On the first occasion when Anthony Lynton Blair intruded upon my consciousness, around 1994, it occurred to me I had seen pleasanter objects lying under lampposts during an epidemic of canine dysentery. My subsequent impressions were less favourable.
You could not ask for a more graphic icon of everything that is most rebarbative about the British political class, over the past 20 years, than Tony Blair. Every crass imposture (“Hey, look, I mean – come on! I’m a pretty straight sort of guy…”) was an illustration, to the point of caricature, of the complacent contempt with which the self-appointed elite regarded the mass of the British people. And, in all fairness, could they be blamed for despising an electorate that voted Blair into office on three consecutive occasions?
It is that consideration that most undermines one’s confidence in the proverbial common sense of the British public. On the day after Blair’s third election victory most people of sense found themselves critically reappraising the 1832 Reform Act and every successive measure that extended the franchise. The question was not so much whether people who voted three times for the Great Charlatan deserved to exercise the franchise, but whether it was a responsible policy to allow such demented souls to walk the streets.
The day on which Tony Blair resigned the premiership was one of bleak melancholia for all of us who had devoutly hoped that the Blairs would exit from public life in identical fashion to the Ceausescus. To see one of the chief architects of the Iraq War, the first of several conflicts that eliminated Middle Eastern dictators in the name of democracy (dear God!) and let the jihadist genie out of the bottle, reinvent himself as “Middle East Peace Envoy” was a surreal experience that signalled the lunatics had taken over the asylum, not just in Britain but globally.
But if you imagined that the Leader of All Progressive Humanity, the panegyrist of the People’s Princess, the historically illiterate clown who defined Britain as “a young country”, had ridden definitively into the sunset to devote the remainder of his days, in company with the Scouse Spouse, to making exponentially increasing millions of pounds, you were a rash optimist.
Nothing brings unpleasant infestations out of the woodwork more prolifically than a general election. Recently the Great Charlatan treated us to a nostalgic reprise of the boundless arrogance and fatuous complacency that characterised the decade during which he presided over the precipitous decline of Britain. It appears that, like Edith Piaf, he regrets nothing. In particular, he does not regret opening the floodgates to mass EU immigration.
What provoked this aggressive defence of the indefensible was apparently Ed Miliband’s declaration that Blair “got it wrong” when he allowed migrants from Poland, Hungary and the Czech Republic to work in Britain without restrictions. Blair riposted that politicians must insist that free movement across Europe is a “good idea”. That intervention illustrates two things: the delusion whereby Blair sees himself as pretender to the throne of Europe and the extent to which he is out of touch with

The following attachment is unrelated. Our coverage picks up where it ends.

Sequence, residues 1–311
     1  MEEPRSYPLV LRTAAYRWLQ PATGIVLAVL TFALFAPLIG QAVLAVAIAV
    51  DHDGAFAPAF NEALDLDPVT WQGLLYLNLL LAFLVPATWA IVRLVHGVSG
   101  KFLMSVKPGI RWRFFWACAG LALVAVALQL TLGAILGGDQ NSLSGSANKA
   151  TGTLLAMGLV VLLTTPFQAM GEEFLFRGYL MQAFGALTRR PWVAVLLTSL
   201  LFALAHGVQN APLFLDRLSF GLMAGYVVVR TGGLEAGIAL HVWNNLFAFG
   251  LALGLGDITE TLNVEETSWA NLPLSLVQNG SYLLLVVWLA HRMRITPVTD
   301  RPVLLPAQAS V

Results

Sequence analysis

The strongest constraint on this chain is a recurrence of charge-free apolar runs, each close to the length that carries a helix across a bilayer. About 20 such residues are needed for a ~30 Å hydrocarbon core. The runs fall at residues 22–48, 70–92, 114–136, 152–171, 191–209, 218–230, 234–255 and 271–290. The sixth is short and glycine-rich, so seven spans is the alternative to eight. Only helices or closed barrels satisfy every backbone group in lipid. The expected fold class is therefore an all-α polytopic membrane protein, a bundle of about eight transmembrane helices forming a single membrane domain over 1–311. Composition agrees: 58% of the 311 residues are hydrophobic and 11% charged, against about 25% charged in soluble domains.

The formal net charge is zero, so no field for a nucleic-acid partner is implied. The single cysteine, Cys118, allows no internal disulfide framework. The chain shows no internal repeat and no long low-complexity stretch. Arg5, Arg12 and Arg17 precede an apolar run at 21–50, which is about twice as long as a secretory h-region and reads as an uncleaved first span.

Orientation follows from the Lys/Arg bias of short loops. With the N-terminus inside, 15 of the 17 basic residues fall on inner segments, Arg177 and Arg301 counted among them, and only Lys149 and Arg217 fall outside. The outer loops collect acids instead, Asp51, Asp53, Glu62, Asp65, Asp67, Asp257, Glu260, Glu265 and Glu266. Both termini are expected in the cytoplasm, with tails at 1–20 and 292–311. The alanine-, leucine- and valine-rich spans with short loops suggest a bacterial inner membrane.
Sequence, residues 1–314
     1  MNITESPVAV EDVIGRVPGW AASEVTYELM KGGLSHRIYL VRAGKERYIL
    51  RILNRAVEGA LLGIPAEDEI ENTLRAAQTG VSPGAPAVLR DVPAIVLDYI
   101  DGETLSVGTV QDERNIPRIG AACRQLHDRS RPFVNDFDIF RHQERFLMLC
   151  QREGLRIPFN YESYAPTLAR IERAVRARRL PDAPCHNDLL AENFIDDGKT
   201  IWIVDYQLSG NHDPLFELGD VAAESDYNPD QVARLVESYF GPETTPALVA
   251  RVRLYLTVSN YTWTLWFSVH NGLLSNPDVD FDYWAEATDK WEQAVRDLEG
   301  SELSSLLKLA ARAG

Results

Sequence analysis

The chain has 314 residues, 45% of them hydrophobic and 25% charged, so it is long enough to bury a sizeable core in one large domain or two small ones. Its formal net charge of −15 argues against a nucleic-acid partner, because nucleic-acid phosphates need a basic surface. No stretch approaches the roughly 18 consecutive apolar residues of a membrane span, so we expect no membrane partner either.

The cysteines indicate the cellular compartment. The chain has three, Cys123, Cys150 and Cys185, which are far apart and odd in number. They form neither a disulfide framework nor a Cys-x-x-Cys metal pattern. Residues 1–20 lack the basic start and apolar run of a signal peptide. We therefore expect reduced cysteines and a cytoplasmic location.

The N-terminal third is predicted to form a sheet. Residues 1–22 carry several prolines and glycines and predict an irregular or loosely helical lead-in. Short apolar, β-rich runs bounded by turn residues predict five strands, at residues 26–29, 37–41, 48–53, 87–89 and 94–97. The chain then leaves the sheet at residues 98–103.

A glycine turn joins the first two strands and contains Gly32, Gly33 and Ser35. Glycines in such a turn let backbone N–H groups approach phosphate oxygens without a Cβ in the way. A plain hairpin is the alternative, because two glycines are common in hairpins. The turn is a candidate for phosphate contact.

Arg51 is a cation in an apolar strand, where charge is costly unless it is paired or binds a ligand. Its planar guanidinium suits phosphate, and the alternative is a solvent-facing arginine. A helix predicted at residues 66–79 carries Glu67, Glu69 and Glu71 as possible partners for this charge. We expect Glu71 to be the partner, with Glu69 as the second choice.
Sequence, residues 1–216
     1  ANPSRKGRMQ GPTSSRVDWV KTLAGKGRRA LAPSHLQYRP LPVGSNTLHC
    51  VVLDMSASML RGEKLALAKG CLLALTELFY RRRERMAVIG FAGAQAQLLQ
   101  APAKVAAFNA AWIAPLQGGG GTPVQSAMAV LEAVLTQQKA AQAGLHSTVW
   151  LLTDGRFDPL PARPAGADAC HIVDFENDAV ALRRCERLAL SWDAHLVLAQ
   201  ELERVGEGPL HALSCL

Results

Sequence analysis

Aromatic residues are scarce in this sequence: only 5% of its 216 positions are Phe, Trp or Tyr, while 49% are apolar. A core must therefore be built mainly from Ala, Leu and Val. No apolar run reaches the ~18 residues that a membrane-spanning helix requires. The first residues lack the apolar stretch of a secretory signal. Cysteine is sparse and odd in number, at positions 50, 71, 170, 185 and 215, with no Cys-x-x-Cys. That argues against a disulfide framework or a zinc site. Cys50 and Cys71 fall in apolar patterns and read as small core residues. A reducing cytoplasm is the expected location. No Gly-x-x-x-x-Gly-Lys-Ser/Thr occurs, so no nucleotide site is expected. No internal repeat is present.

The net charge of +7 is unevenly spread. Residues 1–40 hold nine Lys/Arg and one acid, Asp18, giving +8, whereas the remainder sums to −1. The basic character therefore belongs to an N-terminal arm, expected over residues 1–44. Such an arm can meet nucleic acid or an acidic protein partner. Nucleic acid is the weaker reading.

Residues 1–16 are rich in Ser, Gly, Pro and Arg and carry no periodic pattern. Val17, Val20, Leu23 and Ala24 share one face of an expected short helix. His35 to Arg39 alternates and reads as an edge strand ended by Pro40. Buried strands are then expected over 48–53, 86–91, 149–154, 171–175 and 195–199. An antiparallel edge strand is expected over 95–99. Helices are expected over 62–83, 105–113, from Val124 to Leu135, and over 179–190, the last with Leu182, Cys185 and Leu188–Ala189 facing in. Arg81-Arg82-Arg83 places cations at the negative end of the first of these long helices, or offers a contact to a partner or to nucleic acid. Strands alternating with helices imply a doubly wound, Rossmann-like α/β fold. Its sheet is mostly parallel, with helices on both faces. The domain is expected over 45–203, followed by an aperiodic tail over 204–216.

Even Ed Miliband, though his enslavement to the EU is as total as that of Blair, Cameron and Clegg, recognises that open and defiant championing of the EU and every other cause repugnant to the British electorate is no longer practical politics. Blair’s inharmonious remarks were an educative reminder of the arrogance with which the three consensual parties could comport themselves before the advent of UKIP. The classic illustration of this was the complacent mantra uttered by Tory grandees every time they cynically betrayed their core supporters: “They have nowhere else to go.”
Well, now they have and Nigel Farage is invitingly holding open the door. Tony Blair is out of touch about that development too, as his recent remarks show: “If you believe in the UKIP thing then say it, but don’t indulge their rhetoric, their sentiment around the issue [of immigration], because what you do then is you effectively give them a greater credibility.” Nothing could better illustrate the incoherence of Blair’s mental processes than that outburst of gobbledegook. If one believes in “the UKIP thing”, then one would have every reason to embrace that party’s rhetoric and sentiments.
But where Blair, for the first – and almost certainly the last – time in his life, fulfils a useful function is in demonstrating the kamikaze mentality that has brought the legacy parties to the brink of extinction. Blair believes the Labour Party should “argue” with voters opposed to immigration, even if it causes them to vote for another party. That is identical to the idiocy of Cameron, Osborne, Maude and May deliberately alienating the Conservative core vote. The habit of contempt for the electorate dies hard.
The collective alienation of the public from the legacy parties will result in a large popular vote for UKIP next week. But if that insurgency is rewarded with just a handful of seats, while the SNP, voted in by a Scottish turnout of around 3 million voters, receives something like 50 seats, it will be time for a radical reappraisal of the absurd electoral system in this country and the pseudo-democratic charade it sustains.
Cool Britannia is now entombed in perma-frost.